Bloomington Housing Authority is now in the final stages of converting all of its traditional public housing units to a new funding model, which gives vouchers to residents of the units.
To help make that happen, Bloomington’s city council voted unanimously at meeting last Wednesday to approve the preliminary issuance of $30 million in bonds, which will be lent to an entity called Bloomington RAD II, LP.
The limited partnership will use the proceeds of the bond issuance to take over the 196 apartments of BHA’s Crestmont Community public housing complex and renovate the units.
It’s part of the Rental Assistance Demonstration (RAD) Program operated through the U.S. Department of Housing and Urban Development (HUD). The RAD conversions allow for an infusion of cash that allows for crucial renovations to be done on a shorter timeline.
In early 2020, the city council gave a similar approval to an $11-million bond issuance for the RAD conversion of BHA’s Walnut Woods and Rev. Butler apartments.
At that time, Bloomington Housing Authority’s executive director, Amber Skoby, told the city council that Crestmont would be the next and final step in the conversion process.
At Wednesday’s council meeting, Skoby described the Crestmont renovations. Apartments will be reconfigured to accommodate wheelchairs. Safety features will be added.
All the apartments will get new flooring, new kitchen cabinets, countertops, dishwashers, and washers and dryers. Apartments will also get high efficiency furnaces, and air conditioner condensers, new windows, new roofs, and site lighting, according to Skoby.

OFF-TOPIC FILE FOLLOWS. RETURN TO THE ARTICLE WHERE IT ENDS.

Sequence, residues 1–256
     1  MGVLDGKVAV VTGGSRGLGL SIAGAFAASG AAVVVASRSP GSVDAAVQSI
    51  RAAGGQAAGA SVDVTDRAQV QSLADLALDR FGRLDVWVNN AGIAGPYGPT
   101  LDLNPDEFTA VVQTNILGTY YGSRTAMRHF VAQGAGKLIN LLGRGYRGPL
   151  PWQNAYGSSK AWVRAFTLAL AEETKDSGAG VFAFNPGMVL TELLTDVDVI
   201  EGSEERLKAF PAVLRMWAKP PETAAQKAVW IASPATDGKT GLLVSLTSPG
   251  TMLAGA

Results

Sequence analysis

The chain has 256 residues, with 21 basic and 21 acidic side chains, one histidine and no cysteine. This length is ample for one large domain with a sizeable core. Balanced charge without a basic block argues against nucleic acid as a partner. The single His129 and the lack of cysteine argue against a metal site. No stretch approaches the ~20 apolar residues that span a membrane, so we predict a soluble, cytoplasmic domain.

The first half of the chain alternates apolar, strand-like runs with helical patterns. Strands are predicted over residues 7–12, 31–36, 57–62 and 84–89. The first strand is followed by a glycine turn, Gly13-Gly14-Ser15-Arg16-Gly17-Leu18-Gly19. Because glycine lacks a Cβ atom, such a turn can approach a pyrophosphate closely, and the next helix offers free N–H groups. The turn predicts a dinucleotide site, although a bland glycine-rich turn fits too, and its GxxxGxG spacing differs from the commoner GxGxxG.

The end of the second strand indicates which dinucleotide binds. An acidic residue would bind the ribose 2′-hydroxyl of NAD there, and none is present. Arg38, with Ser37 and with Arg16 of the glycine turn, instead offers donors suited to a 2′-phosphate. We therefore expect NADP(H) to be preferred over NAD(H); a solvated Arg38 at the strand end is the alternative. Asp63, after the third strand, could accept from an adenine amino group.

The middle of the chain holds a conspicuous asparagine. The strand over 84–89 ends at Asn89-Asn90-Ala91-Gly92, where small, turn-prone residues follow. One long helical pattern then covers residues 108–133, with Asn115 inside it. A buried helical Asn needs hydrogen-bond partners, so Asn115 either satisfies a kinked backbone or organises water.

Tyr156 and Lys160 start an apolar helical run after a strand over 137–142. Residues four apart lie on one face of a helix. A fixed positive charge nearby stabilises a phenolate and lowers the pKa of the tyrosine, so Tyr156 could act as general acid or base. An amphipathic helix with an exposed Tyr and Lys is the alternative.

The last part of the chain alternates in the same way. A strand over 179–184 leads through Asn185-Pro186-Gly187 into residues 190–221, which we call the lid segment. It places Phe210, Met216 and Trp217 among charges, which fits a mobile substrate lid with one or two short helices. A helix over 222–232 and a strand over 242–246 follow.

Skoby described one kind of renovation that will change the unit mix. “We’re adding eight one-bedroom units, by converting some existing three-bedroom townhomes,” she told the council. Skoby said there’s not a huge demand for three-bedroom units. She added, “But we see a tremendous demand for one-bedrooms.”
Also as a part of the planned renovations, the size of Crestmont’s community building will be almost doubled, Skoby said. That will allow Crestmont to host different events, she said.
The expanded community building will have office space for resident services and a space for the residents council.
While their respective units are being renovated—each of which is supposed to be completed in under 90 days—current residents will be moved and relocated, at the BHA’s expense, Skoby said.
The 10 BHA staff who are currently employed at Crestmont will keep their jobs, according to Skoby.
Responding to a question from councilmember Sue Sgambelluri, Skoby said BHA will still have a lot of control over the Crestmont Community, after the RAD conversion. That’s because BHA’s nonprofit, Summit Hill Community Development, and the tax credit investor chosen by BHA, will be part of the ownership structure of Bloomington RAD II, LP. On top of that, BHA will keep its ownership of the land.
HUD will still be connected to Crestmont housing project—through Section 8 vouchers. Current residents of BHA housing will receive special project-based Section 8 vouchers to subsidize their rent, which will be handled by Bloomington RAD II LP, the new ownership structure.
Councilmember Jim Sims asked Skoby about hiring practices for the RAD conversion work—with respect to minorities, minority women, or other historically marginalized groups.
Skoby told Sims that before the RAD conversions at Reverend Butler and Walnut Woods were started, BHA did a lot of outreach with different media outlets, community groups, building associations, especially encouraging women and minority-owned business enterprises to apply. BHA tried to explain the bidding process to those types of businesses so they would know what to expect, she said.
The same approach would be taken with the Crestmont RAD conversion, Skoby said. The BHD will continue to do some outreach, and build relationships—whether it’s with the building trades, moving companies, or suppliers.
Skoby told Sims that kind of spending is tracked each month. So far, about 25 percent of the funding that BHA has paid out has gone towards women, minority, low-income owned businesses, Skoby said.